I'm not really one to romanticize the past -- except for, you know, all these columns I write about how awesome old comics are -- but I do wish we still lived in a time in which giant buckets of dough were clearly labeled as such. I'd also like it if I could get my bank withdrawls in a big bag with a $ on it instead of a little envelope, but that might just be a question of volume.

Even though he conks the chef over the head and stiff-arms his way past Morris and his guards to get the recipe, Pete the Pie Man's pernicious plot hits a pretty serious snag when he stumbles over a pie-pan and loses a grip on it. The recipe floats out of his hand and into a nearby pie as it's being baked. Rather than stop to grab it and risk capture, Pete cold jumps out the nearest window. That is just how he rolls.

Now, as someone who has used it more than once before, I'm familiar enough with how paper works to assume that being baked into a pie would make anything written on it pretty illegible. Pete, however, has no such doubts, and I guess it's fair to assume that Morris would at least have the greatest pie recipe on Earth laminated, just in case. So of course, Pete sets out to find it by hijacking the next shipment out of the factory, and that's when Billy Batson enters the story for Pie #1, which prompts him to turn into Captain Marvel just in time for Pie #2:

The best thing about this story is that throughout the entire thing, Captain Marvel has absolutely no idea what's going on, and why this guy keeps stealing pies and throwing them at people in frustration. Finally, we have discovered a problem that even the Wisdom of Solomon cannot solve, probably because Solomon expected people to act like halfway rational human beings.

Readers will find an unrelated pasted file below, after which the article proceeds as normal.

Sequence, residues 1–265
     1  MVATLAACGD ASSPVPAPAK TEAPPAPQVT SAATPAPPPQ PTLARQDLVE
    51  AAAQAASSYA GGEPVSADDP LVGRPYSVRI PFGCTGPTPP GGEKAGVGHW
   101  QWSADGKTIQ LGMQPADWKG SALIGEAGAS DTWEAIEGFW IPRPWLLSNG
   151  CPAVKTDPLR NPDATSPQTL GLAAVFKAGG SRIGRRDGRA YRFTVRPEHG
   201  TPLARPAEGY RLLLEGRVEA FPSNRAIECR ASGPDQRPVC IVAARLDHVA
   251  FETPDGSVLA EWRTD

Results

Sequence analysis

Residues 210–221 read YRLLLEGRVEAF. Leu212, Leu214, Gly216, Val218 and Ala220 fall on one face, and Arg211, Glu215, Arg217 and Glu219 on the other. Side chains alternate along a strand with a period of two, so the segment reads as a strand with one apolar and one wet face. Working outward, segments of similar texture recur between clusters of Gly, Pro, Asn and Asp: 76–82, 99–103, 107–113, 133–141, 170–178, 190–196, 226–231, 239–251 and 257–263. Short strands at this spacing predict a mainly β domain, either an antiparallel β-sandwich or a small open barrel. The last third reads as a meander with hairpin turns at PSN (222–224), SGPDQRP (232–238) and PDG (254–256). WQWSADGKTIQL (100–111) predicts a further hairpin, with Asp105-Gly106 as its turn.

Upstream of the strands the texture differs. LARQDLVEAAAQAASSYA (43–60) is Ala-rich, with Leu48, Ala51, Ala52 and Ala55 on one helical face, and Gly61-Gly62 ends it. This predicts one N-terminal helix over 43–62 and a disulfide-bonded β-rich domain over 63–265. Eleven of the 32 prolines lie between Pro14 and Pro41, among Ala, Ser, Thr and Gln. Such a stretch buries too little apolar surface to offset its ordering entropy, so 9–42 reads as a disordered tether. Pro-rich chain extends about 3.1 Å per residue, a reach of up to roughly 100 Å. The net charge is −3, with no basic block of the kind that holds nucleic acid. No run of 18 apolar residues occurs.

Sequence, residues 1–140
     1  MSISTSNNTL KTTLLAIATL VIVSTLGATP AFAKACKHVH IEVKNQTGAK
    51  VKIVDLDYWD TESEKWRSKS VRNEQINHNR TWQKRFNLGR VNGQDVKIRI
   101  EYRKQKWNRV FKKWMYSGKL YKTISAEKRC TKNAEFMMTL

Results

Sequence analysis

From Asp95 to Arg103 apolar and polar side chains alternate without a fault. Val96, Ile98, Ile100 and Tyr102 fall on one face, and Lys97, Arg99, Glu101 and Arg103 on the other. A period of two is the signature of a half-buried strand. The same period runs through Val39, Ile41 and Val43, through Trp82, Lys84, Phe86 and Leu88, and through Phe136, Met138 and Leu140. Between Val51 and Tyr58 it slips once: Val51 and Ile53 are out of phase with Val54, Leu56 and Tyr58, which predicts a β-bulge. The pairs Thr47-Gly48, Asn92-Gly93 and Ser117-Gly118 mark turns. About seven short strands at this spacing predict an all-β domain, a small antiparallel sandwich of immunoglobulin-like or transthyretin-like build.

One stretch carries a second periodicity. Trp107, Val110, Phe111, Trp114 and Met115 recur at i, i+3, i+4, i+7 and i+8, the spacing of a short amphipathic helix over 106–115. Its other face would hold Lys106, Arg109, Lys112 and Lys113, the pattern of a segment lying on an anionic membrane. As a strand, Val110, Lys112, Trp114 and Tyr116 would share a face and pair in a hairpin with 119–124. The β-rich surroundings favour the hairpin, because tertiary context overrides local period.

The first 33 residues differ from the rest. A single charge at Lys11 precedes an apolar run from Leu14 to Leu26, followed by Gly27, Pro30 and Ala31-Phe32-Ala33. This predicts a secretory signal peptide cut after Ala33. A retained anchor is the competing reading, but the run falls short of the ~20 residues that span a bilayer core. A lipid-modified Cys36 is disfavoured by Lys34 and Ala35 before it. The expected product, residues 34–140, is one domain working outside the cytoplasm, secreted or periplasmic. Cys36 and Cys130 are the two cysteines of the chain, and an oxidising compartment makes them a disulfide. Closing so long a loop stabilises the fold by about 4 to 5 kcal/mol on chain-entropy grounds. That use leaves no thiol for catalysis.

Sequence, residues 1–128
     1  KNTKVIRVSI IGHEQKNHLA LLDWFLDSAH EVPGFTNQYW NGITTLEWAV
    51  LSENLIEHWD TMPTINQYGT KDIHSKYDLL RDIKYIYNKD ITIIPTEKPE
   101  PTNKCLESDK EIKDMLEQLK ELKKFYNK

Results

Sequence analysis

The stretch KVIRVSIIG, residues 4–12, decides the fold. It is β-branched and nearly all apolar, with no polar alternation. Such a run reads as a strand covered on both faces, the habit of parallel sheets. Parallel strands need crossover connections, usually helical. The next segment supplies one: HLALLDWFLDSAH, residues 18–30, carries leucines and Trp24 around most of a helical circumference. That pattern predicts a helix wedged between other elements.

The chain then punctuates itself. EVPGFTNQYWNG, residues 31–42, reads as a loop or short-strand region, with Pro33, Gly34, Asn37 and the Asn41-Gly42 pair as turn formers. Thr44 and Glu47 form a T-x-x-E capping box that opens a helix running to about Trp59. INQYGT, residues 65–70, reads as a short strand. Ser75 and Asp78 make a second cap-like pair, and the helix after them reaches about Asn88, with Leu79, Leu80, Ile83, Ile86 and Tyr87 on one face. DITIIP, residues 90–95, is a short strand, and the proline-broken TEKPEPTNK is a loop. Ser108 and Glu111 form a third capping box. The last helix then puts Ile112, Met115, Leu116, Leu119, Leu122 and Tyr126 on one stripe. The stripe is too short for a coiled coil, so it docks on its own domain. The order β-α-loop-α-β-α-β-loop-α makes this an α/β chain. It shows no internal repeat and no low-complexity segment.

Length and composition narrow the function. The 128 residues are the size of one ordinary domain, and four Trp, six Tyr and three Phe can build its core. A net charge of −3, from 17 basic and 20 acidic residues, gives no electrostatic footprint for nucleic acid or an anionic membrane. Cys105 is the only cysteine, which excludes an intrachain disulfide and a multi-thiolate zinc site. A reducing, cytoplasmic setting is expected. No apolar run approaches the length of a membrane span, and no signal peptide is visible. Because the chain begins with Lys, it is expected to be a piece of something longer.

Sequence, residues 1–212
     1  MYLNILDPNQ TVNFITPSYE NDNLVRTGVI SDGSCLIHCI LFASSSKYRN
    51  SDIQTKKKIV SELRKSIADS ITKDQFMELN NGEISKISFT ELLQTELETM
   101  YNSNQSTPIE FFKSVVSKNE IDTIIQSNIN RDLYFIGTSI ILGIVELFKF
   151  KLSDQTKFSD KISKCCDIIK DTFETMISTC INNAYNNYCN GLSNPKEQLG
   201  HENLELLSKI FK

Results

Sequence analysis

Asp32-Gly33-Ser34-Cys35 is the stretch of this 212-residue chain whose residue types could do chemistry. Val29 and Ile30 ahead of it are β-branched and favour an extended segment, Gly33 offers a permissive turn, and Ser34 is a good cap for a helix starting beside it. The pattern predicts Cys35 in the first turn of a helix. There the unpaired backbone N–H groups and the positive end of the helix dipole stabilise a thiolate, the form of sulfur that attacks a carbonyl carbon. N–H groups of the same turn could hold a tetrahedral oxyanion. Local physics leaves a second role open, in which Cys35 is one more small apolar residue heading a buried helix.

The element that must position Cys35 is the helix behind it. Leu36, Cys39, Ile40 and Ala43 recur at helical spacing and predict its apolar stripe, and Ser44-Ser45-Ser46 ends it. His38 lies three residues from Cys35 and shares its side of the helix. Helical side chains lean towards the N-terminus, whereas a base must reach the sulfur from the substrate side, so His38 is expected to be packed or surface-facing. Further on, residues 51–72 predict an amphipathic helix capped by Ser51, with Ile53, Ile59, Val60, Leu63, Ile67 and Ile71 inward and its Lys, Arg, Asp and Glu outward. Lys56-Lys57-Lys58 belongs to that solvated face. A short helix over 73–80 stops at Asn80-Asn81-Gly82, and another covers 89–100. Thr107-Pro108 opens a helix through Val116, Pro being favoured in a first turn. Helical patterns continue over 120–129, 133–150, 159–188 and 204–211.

Either way, having been pied in the face twice already, Captain Marvel is now at risk of things escalating to even more dangerous forms of physical comedy. And sure enough...

...there are pratfalls.

Eventually, he follows the trail of discarded pie tins back to Jolly John's factory, and when Pete starts throwing an entire day's worth of the production line at him, Cap finally hits his breaking point. A word of advice, just in case it ever comes up: Don't get into a pie-throwing contest against someone with the speed of Mercury and the strength of Hercules.

Power of Zeus probably ain't doin' you any favors either.

Having paid back his pie-related transgressions tenfold, as is only right and proper, Captain Marvel finally hears the whole side of the story. The tragedy, of course, is that the nectar pie recipe is still missing, but Cap has thoroughly had enough of all of this nonsense and elects to just punch the bad guy in the face and send him to jail rather than dealing with it.

But hey, it all works out anyway and I think we can all sympathize. I will say, though, that I'm a little surprised that the guy who owns a pie factory eats an entire pie every day as his afternoon snack, but I can't say that I definitely wouldn't do the same thing if I was in his position.

Thus, everything is righted once again, and we all learn a lesson, not just about meting out justice even when you've got a pan full of lemon meringue splattered all over your costume, but about how one should always figure out why someone's throwing pies around before you punch them right in the face.